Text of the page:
October 5, 2018


I was the National Mental Health Coordinator, Ministry of Health in Uganda during AWLI. I was also working at ACFODE, Association of Uganda Women Medical Doctors, and Hope After Rape. At that time, I had an (MB CH B) with a Masters in (MMed Psychiatry). Since AWLI I have changed professionally and personally. I am currently working for the World Bank, Washington DC as well as Makerere University School of Public Health and I live in Uganda. In addition, I am a Welcome Trust Research Fellow, Makerere University School of Public Health/London School of Economics and Political Science, a member of the World Psychiatric Association,World Federation for Mental Health, Children and War Foundation and Board Chairperson, Trans-cultural Psychosocial Organisation. I have added an MSc HPPF to my professional qualifications. I was at the AWLI in January 1988 with the objectives of personal empowerment, to understand gender issues much better and to see how to integrate gender into health.

AWLI was able to empower me in a number of ways; I learnt to accept personal decisions that are not necessarily in conformity with societal norms. An example of which is the difficulty I faced coming to terms with a marriage breakdown due to domestic violence. After the AWLI I was able to deal with it and accept that it was not my fault but a necessary step for my mental wellbeing and the psychological protection of my children.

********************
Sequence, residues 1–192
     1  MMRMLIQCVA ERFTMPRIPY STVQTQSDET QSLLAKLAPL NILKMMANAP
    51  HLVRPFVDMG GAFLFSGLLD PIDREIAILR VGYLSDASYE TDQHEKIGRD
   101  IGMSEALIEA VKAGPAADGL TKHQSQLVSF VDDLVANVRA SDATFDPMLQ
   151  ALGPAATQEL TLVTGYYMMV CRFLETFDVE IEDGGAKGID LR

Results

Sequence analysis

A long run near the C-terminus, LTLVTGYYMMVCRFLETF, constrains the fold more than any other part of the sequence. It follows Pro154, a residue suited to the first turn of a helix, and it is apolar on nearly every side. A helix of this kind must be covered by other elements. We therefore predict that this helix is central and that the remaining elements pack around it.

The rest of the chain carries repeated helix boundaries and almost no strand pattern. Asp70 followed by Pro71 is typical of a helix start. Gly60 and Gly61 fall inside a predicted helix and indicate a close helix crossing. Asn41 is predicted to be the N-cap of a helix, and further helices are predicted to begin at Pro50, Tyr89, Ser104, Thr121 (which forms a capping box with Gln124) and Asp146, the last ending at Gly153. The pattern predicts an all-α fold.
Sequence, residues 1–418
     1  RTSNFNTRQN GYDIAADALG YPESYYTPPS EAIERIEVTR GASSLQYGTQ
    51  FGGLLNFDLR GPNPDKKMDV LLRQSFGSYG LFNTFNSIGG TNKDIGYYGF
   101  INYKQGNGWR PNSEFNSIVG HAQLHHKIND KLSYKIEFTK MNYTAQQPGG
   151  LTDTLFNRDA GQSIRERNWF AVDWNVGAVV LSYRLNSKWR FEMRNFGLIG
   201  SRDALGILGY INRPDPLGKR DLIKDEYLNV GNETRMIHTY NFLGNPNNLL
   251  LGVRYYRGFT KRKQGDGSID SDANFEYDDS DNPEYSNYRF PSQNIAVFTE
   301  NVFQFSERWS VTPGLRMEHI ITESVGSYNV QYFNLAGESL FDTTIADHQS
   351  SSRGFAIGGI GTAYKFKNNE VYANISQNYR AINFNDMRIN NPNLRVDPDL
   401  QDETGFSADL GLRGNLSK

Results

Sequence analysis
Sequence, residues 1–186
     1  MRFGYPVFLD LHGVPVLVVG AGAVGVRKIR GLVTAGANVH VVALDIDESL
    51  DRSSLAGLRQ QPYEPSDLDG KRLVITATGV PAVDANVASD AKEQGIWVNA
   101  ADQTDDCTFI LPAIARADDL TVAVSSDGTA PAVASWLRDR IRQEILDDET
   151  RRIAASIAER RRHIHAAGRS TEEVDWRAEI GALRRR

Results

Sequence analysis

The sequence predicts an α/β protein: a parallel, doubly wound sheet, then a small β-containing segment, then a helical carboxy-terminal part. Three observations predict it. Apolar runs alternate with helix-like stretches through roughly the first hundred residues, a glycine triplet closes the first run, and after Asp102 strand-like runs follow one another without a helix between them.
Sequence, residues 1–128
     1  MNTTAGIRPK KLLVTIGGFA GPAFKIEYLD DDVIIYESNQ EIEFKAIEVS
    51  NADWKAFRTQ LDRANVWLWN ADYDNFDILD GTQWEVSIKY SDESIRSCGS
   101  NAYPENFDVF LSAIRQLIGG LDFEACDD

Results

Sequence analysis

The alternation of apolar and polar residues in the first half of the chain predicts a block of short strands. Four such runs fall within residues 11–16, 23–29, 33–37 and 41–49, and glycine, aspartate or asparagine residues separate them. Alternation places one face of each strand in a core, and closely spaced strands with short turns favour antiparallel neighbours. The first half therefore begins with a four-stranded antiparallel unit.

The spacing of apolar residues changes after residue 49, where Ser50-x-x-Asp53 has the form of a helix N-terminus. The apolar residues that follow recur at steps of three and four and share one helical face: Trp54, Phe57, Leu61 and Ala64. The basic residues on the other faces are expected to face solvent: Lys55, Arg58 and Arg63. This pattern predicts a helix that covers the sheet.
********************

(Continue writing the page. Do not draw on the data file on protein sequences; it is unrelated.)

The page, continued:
Soon after the AWLI, I was able to lobby and include mental health as a priority in Uganda’s First Health Policy, one huge achievement, not many countries have been able to do.

This mobilised resources for mental health and as a result I was invited to an interview for a position at the World Bank. Because of the high confidence level I got from AWLI I was able to leave Uganda to oversee all mental health activities at the World Bank as one of the first mental health specialists at the World Bank. This was a huge leap from my previous position as National Mental Health Coordinator, which I attribute to AWLI. As a volunteer in the NGOs I was associated with during AWLI, I was invited to serve in many organisational capacities; as a member of the Finance Committee of ACFODE and the Treasurer ACFODE, a member of the policy committee of the World Psychiatric Association, and I am now a member of the Finance Committee. I have been made an Honorary Member of the World Psychiatric Association and a Board Chairperson of Trans-cultural Psychosocial Organisation.

I have advocated for human rights with the Coalition on Violence against Women and another on Child Rights, which contributed resisting lowering of the age of consent to sexual acts in Uganda and lobbied for a strong Domestic Relations Bill to protect the rights of women. I also established various NGOs for consumers of mental health services, and worked together with the stakeholders every World Mental Health day to actively lobby for increased recognition of mental health in the policies and in programming.

I recommend a web based network where alumnae can share and country based annual meetings to share experiences and have fun. In addition I propose annual
regional meetings at the expense of the alumnae that are mainly facilitated by them for purposes of refreshing what they learnt. I am willing to facilitate on Women and Health, Sexual and Reproductive Health and Rights I am in a male-dominated field and it is a challenge implementing what I learned as
gender is often written in various documents but is rarely operationalized; gender is not mainstreamed. At the World Bank, staff especially female staffs do not speak out on issues of marginalisation of women for fear of ‘rocking the boat’ ¬- their very well remunerated comfort zones.

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